Advertisement

Clinical Presentation of Brain Metastases

  • Annette Compter
  • Dieta BrandsmaEmail author
Chapter

Abstract

Brain metastases can result in a large variety of focal and nonfocal neurological symptoms. The clinical presentation of brain metastases is affected by the location, size and growth rate of the tumour. Any new neurological symptom or change in behaviour or cognition in a patient with cancer warrants further investigations for brain metastases. Focal neurological symptoms, like hemiparesis and dysphasia, can be caused by a direct effect of the brain metastasis or the surrounding oedema on the brain tissue or other neural structures. Most of these neurological symptoms occur within days to weeks, although an intratumoural haemorrhage can result in an acute onset of symptoms. Epileptic seizures occur in 10–20% of patients with brain metastases.

Keywords

Brain metastases Neurological symptoms Hydrocephalus Brain herniation Epilepsy 

References

  1. 1.
    Schiff D, Kesari S, Wen PY. Cancer neurology in clinical practice, vol. 2. New York: Humana Press; 2008.CrossRefGoogle Scholar
  2. 2.
    Lassman AB, DeAngelis LM. Brain metastases. Neurol Clin. 2003;21(1):1–23.. viiCrossRefGoogle Scholar
  3. 3.
    Christiaans MH, Kelder JC, Arnoldus EP, Tijssen CC. Prediction of intracranial metastases in cancer patients with headache. Cancer. 2002;94(7):2063–8.CrossRefGoogle Scholar
  4. 4.
    Argyriou AA, Chroni E, Polychronopoulos P, Argyriou K, Papapetropoulos S, Corcondilas M, et al. Headache characteristics and brain metastases prediction in cancer patients. Eur J Cancer Care. 2006;15(1):90–5.  https://doi.org/10.1111/j.1365-2354.2005.00621.x.CrossRefGoogle Scholar
  5. 5.
    Schagen SB, Klein M, Reijneveld JC, Brain E, Deprez S, Joly F, et al. Monitoring and optimising cognitive function in cancer patients: present knowledge and future directions. EJC Suppl. 2014;12(1):29–40.  https://doi.org/10.1016/j.ejcsup.2014.03.003.CrossRefPubMedPubMedCentralGoogle Scholar
  6. 6.
    Clouston PD, DeAngelis LM, Posner JB. The spectrum of neurological disease in patients with systemic cancer. Ann Neurol. 1992;31(3):268–73.  https://doi.org/10.1002/ana.410310307.CrossRefPubMedGoogle Scholar
  7. 7.
    Chang EL, Wefel JS, Maor MH, Hassenbusch SJ 3rd, Mahajan A, Lang FF, et al. A pilot study of neurocognitive function in patients with one to three new brain metastases initially treated with stereotactic radiosurgery alone. Neurosurgery. 2007;60(2):277–83.; ; discussion 283–4.  https://doi.org/10.1227/01.neu.0000249272.64439.b1.CrossRefPubMedGoogle Scholar
  8. 8.
    Mehta MP, Rodrigus P, Terhaard CH, Rao A, Suh J, Roa W, et al. Survival and neurologic outcomes in a randomized trial of motexafin gadolinium and whole-brain radiation therapy in brain metastases. J Clin Oncol. 2003;21(13):2529–36.  https://doi.org/10.1200/jco.2003.12.122.CrossRefPubMedGoogle Scholar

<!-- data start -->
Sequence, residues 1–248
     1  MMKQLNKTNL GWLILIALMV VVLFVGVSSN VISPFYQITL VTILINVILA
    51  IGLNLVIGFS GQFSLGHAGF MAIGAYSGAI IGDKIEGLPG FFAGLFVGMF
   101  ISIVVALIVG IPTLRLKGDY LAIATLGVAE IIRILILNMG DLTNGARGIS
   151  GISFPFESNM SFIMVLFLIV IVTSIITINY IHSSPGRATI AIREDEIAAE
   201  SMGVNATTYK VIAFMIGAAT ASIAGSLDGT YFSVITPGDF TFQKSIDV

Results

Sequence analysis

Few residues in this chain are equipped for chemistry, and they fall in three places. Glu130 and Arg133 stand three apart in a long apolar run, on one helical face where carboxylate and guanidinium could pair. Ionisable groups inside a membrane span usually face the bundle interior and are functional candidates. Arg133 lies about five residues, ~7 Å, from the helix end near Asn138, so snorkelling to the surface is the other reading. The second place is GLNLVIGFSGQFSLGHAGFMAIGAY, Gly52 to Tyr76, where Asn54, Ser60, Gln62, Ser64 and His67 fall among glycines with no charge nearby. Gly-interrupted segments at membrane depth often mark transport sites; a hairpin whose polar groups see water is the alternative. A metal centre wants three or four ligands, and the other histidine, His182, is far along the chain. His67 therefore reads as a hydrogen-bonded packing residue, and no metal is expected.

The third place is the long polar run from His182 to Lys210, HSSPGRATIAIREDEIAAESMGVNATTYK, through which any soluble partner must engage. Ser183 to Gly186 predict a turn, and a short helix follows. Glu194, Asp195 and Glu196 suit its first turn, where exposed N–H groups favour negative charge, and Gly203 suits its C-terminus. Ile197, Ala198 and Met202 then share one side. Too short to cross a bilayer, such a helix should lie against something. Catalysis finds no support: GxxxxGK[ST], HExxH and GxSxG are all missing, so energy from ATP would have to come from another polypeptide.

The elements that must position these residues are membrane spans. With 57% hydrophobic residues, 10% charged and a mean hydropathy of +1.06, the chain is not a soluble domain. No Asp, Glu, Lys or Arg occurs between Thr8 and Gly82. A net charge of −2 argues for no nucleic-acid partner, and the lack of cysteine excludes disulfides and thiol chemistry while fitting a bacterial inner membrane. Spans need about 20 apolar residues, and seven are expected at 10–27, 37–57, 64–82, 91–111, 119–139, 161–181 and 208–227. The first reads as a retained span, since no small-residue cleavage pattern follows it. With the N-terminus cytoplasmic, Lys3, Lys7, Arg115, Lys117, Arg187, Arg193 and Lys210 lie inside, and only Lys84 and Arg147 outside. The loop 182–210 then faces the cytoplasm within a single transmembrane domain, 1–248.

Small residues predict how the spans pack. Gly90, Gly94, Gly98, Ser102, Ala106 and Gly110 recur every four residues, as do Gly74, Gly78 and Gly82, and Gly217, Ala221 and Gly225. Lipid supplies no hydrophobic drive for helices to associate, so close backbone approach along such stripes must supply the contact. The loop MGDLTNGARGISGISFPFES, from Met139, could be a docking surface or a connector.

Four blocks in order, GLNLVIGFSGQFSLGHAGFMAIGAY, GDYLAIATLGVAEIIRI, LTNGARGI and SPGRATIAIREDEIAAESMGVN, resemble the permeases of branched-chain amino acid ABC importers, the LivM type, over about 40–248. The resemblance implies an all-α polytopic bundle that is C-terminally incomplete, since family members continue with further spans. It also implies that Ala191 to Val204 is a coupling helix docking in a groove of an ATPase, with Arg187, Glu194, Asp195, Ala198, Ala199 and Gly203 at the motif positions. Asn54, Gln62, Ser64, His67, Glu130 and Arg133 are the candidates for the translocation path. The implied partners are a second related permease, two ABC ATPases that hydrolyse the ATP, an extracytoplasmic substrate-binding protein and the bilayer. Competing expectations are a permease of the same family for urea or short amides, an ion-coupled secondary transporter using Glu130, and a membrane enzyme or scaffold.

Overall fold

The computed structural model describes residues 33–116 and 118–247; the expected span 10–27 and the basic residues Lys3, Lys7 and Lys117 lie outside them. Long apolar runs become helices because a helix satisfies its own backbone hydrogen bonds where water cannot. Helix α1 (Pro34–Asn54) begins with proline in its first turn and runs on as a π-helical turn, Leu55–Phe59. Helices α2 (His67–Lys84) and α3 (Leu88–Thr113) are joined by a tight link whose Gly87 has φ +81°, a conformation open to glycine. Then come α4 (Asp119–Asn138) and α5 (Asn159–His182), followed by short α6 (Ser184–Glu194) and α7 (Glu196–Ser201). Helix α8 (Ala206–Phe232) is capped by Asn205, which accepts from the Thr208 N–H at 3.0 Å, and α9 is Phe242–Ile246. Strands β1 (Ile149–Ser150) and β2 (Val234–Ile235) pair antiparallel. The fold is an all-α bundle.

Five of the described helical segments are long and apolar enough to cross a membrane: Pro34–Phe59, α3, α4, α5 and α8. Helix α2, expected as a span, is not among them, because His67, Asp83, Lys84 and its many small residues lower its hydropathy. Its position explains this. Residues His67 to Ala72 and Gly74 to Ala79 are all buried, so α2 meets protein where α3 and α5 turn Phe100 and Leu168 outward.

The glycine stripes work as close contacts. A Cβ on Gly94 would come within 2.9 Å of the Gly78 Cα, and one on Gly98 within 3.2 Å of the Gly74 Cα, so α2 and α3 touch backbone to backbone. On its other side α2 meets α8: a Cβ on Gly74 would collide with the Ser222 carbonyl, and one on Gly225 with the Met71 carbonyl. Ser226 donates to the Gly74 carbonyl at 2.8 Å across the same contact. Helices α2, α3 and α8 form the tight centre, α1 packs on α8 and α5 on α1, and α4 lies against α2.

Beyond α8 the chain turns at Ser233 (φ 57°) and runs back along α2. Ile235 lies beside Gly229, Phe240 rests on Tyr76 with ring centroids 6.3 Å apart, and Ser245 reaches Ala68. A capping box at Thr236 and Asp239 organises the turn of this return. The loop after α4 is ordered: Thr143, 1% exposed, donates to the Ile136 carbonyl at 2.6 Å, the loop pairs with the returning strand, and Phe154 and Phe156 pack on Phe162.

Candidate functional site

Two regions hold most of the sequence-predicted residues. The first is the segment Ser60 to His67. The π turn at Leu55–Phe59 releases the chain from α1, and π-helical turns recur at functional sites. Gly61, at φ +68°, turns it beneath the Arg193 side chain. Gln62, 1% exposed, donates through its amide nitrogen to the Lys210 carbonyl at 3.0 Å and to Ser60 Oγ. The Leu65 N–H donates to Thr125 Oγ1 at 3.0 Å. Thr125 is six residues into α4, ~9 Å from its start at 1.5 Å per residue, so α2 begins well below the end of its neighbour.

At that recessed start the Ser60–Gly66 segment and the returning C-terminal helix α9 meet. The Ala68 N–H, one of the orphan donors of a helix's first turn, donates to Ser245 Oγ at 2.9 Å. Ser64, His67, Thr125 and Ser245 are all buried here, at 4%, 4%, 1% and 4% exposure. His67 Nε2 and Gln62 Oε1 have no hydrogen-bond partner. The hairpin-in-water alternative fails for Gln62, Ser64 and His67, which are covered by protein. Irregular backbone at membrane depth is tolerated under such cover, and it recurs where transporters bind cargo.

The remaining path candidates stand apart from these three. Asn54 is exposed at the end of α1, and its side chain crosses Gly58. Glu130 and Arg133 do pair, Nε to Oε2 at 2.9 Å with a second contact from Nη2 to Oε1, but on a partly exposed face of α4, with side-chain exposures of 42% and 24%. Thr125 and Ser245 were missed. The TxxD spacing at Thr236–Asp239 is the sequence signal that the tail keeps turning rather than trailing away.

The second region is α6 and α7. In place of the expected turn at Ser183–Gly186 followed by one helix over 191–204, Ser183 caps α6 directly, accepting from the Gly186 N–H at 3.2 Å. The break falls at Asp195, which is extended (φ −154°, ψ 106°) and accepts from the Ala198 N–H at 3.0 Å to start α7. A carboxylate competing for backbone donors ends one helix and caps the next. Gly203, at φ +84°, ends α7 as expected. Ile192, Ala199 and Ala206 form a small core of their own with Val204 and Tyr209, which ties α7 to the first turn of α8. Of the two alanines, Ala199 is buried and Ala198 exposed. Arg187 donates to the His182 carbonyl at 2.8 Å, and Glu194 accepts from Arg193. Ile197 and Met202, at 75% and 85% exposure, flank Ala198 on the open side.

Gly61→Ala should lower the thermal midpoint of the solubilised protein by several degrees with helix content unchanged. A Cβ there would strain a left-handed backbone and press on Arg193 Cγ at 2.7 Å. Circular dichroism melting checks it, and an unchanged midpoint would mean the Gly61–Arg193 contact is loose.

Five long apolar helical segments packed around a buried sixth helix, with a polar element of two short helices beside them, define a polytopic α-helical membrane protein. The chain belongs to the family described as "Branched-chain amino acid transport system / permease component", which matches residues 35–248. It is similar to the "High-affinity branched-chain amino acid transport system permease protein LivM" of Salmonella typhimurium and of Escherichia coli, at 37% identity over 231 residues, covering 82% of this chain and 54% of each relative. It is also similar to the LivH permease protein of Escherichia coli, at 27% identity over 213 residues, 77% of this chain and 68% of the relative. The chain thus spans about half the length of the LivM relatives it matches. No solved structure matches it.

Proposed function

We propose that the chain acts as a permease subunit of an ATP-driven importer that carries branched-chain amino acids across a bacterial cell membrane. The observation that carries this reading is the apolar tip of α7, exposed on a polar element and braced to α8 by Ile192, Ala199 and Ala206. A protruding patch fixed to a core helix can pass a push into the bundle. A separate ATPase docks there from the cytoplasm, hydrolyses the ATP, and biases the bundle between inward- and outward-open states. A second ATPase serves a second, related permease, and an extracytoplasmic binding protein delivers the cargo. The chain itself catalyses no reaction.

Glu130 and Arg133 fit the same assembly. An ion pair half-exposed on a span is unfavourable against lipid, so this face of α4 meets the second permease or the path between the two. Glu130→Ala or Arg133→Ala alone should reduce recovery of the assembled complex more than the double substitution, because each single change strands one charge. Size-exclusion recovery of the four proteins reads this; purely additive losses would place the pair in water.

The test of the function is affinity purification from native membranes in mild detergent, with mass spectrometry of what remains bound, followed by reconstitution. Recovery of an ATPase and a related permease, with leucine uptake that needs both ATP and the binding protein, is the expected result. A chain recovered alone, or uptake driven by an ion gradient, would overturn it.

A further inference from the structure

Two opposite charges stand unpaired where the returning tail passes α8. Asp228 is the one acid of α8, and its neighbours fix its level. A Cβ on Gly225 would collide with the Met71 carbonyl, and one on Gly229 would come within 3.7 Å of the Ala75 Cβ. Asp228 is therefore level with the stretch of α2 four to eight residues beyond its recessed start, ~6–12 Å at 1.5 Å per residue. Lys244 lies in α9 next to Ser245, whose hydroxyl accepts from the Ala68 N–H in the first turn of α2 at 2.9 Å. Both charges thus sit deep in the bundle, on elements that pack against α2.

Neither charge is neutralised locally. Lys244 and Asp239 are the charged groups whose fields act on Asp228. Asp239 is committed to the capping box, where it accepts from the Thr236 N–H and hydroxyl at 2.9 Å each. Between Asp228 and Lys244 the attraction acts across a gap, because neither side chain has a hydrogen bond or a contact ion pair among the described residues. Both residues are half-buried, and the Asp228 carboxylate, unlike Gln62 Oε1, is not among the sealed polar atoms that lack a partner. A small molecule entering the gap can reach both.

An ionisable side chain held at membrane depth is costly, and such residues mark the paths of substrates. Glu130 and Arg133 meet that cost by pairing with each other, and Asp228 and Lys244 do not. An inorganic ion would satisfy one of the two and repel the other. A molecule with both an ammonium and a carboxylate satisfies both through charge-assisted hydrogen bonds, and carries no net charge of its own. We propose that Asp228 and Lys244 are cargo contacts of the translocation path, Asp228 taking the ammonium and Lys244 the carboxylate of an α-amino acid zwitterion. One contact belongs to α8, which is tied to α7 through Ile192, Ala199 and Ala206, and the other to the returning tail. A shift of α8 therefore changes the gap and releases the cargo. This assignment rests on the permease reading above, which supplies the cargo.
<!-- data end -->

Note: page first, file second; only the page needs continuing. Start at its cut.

9. 9.
    Meyers CA, Smith JA, Bezjak A, Mehta MP, Liebmann J, Illidge T, et al. Neurocognitive function and progression in patients with brain metastases treated with whole-brain radiation and motexafin gadolinium: results of a randomized phase III trial. J Clin Oncol. 2004;22(1):157–65.  https://doi.org/10.1200/jco.2004.05.128.CrossRefGoogle Scholar
  10. 10.
    Coia LR, Aaronson N, Linggood R, Loeffler J, Priestman TJ. A report of the consensus workshop panel on the treatment of brain metastases. Int J Radiat Oncol Biol Phys. 1992;23(1):223–7.CrossRefGoogle Scholar
  11. 11.
    Cohen N, Strauss G, Lew R, Silver D, Recht L. Should prophylactic anticonvulsants be administered to patients with newly-diagnosed cerebral metastases? A retrospective analysis. J Clin Oncol. 1988;6(10):1621–4.  https://doi.org/10.1200/jco.1988.6.10.1621.CrossRefPubMedGoogle Scholar
  12. 12.
    Glantz MJ, Cole BF, Friedberg MH, Lathi E, Choy H, Furie K, et al. A randomized, blinded, placebo-controlled trial of divalproex sodium prophylaxis in adults with newly diagnosed brain tumors. Neurology. 1996;46(4):985–91.CrossRefGoogle Scholar
  13. 13.
    Forsyth PA, Weaver S, Fulton D, Brasher PM, Sutherland G, Stewart D, et al. Prophylactic anticonvulsants in patients with brain tumour. Can J Neurol Sci. 2003;30(2):106–12.CrossRefGoogle Scholar
  14. 14.
    Herman ST. Epilepsy after brain insult: targeting epileptogenesis. Neurology. 2002;59(9 Suppl 5):S21–6.CrossRefGoogle Scholar
  15. 15.
    van Breemen MS, Wilms EB, Vecht CJ. Epilepsy in patients with brain tumours: epidemiology, mechanisms, and management. Lancet Neurol. 2007;6(5):421–30.  https://doi.org/10.1016/s1474-4422(07)70103-5.CrossRefPubMedGoogle Scholar
  16. 16.
    Weller M, Stupp R, Wick W. Epilepsy meets cancer: when, why, and what to do about it? Lancet Oncol. 2012;13(9):e375–82.  https://doi.org/10.1016/s1470-2045(12)70266-8.CrossRefPubMedGoogle Scholar
  17. 17.
    Sirven JI, Wingerchuk DM, Drazkowski JF, Lyons MK, Zimmerman RS. Seizure prophylaxis in patients with brain tumors: a meta-analysis. Mayo Clin Proc. 2004;79(12):1489–94.  https://doi.org/10.4065/79.12.1489.CrossRefPubMedGoogle Scholar
  18. 18.
    Oberndorfer S, Schmal T, Lahrmann H, Urbanits S, Lindner K, Grisold W. The frequency of seizures in patients with primary brain tumors or cerebral metastases. An evaluation from the Ludwig Boltzmann Institute of Neuro-Oncology and the Department of Neurology, Kaiser Franz Josef Hospital, Vienna. Wien Klin Wochenschr. 2002;114(21–22):911–6.PubMedGoogle Scholar
  19. 19.
    Riva M. Brain tumoral epilepsy: a review. Neurol Sci. 2005;26(Suppl 1):S40–2.  https://doi.org/10.1007/s10072-005-0404-y.CrossRefPubMedGoogle Scholar

Copyright information

© Springer Nature Switzerland AG 2020

Authors and Affiliations

  1. 1.Department of Neuro-oncologyNetherlands Cancer Institute—Antoni van LeeuwenhoekAmsterdamThe Netherlands

Personalised recommendations